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Cell. 2012 Jun 8;149(6):1269-83. doi: 10.1016/j.cell.2012.04.026.

Tumor suppression in the absence of p53-mediated cell-cycle arrest, apoptosis, and senescence.

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Institute for Cancer Genetics, College of Physicians and Surgeons, Columbia University, New York, NY 10032, USA.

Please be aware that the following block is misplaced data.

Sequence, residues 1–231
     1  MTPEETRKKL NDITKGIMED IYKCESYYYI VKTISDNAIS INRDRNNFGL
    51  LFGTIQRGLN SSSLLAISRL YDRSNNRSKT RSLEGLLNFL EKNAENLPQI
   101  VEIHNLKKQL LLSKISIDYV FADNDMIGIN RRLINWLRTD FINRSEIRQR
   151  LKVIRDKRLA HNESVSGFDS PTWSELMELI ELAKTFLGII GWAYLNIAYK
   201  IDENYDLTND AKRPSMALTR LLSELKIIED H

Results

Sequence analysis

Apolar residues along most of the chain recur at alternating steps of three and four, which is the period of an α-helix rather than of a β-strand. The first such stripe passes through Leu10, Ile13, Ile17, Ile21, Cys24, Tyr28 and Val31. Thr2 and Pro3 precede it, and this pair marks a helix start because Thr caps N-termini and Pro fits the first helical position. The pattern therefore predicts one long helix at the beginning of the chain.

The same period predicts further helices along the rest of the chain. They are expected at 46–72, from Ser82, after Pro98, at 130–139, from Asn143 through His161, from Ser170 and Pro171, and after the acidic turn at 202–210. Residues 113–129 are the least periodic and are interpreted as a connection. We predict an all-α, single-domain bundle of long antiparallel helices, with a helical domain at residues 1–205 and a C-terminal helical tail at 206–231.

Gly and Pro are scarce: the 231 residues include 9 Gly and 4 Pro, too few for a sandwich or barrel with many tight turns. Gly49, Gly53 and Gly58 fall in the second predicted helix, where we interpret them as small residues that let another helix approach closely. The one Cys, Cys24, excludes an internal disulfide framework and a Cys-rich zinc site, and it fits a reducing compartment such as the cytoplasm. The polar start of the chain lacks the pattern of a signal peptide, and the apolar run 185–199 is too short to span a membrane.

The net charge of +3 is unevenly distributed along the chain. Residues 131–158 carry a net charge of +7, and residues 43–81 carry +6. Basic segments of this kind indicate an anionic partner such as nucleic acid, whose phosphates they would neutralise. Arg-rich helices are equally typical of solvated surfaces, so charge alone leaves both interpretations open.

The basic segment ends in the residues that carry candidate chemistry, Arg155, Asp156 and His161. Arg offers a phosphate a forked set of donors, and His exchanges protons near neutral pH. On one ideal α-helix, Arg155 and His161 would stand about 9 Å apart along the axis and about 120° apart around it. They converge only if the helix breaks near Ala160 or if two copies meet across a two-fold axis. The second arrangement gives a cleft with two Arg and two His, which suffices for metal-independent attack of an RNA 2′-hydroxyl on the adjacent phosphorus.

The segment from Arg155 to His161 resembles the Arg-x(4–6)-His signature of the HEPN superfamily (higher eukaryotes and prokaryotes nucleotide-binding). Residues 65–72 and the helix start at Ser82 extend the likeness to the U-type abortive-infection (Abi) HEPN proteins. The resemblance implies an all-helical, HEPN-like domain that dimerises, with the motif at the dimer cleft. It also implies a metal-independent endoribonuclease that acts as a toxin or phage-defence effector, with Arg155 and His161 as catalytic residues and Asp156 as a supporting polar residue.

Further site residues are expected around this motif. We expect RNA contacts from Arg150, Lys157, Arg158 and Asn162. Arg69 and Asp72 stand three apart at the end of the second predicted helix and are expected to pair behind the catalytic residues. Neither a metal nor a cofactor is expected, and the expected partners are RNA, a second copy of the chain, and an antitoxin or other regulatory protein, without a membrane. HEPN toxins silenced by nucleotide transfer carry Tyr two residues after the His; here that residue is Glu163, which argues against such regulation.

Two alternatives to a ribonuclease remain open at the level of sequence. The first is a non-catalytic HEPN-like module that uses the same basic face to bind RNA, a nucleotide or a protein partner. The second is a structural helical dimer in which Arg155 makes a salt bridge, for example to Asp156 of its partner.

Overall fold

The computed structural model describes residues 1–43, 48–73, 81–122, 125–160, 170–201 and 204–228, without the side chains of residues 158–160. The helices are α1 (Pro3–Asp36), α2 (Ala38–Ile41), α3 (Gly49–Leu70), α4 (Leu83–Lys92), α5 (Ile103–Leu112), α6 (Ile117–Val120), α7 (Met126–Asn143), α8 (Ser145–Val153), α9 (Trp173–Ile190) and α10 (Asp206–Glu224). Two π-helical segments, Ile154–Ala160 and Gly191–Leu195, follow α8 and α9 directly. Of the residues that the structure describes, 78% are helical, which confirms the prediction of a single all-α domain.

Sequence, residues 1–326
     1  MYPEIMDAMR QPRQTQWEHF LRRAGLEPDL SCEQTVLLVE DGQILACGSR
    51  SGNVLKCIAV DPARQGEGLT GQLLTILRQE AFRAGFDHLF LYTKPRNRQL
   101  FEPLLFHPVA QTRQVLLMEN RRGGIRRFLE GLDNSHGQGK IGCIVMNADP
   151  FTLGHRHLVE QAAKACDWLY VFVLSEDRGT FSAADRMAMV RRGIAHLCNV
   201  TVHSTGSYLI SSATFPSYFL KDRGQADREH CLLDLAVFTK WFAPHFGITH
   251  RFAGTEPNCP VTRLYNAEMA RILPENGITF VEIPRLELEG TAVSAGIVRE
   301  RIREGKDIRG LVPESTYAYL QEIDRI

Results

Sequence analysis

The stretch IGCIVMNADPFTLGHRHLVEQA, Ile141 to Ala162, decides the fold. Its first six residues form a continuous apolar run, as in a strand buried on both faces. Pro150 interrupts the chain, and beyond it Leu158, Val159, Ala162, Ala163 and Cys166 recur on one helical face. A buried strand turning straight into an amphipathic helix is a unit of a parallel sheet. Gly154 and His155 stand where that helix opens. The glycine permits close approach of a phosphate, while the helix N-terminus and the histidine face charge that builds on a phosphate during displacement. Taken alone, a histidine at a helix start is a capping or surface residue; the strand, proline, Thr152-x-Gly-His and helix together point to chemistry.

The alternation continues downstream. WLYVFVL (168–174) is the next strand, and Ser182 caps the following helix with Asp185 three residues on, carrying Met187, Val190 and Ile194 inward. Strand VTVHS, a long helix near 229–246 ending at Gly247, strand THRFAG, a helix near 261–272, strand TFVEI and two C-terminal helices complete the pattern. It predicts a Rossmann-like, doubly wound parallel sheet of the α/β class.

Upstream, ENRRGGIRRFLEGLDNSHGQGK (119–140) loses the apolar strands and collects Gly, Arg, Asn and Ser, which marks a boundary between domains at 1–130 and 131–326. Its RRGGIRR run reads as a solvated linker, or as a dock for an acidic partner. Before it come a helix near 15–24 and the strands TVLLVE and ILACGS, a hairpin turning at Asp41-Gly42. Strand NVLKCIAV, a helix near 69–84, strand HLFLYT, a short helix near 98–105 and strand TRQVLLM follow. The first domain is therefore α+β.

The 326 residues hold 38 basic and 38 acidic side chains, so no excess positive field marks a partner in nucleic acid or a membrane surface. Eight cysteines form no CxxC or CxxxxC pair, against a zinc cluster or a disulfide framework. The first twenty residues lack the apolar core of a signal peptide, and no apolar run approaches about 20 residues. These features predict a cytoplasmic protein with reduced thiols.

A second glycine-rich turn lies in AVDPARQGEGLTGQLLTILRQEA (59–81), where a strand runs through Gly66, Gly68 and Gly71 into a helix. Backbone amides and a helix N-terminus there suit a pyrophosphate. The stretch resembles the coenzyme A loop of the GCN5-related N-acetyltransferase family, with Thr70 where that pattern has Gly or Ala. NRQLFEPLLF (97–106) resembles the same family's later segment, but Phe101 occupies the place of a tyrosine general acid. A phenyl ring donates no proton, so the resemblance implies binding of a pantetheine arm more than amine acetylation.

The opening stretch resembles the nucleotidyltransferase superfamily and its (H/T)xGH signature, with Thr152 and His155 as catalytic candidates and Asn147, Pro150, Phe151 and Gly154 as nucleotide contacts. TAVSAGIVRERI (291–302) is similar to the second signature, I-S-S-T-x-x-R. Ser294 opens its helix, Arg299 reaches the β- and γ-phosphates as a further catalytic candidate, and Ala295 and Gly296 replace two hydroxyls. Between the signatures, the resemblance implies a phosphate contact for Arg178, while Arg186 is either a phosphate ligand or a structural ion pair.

Cell-cycle arrest, apoptosis, and senescence are widely accepted as the major mechanisms by which p53 inhibits tumor formation. Nevertheless, it remains unclear whether they are the rate-limiting steps in tumor suppression. Here, we have generated mice bearing lysine to arginine mutations at one (p53(K117R)) or three (p53(3KR); K117R+K161R+K162R) of p53 acetylation sites. Although p53(K117R/K117R) cells are competent for p53-mediated cell-cycle arrest and senescence, but not apoptosis, all three of these processes are ablated in p53(3KR/3KR) cells. Surprisingly, unlike p53 null mice, which rapidly succumb to spontaneous thymic lymphomas, early-onset tumor formation does not occur in either p53(K117R/K117R) or p53(3KR/3KR) animals. Notably, p53(3KR) retains the ability to regulate energy metabolism and reactive oxygen species production. These findings underscore the crucial role of acetylation in differentially modulating p53 responses and suggest that unconventional activities of p53, such as metabolic regulation and antioxidant function, are critical for suppression of early-onset spontaneous tumorigenesis.

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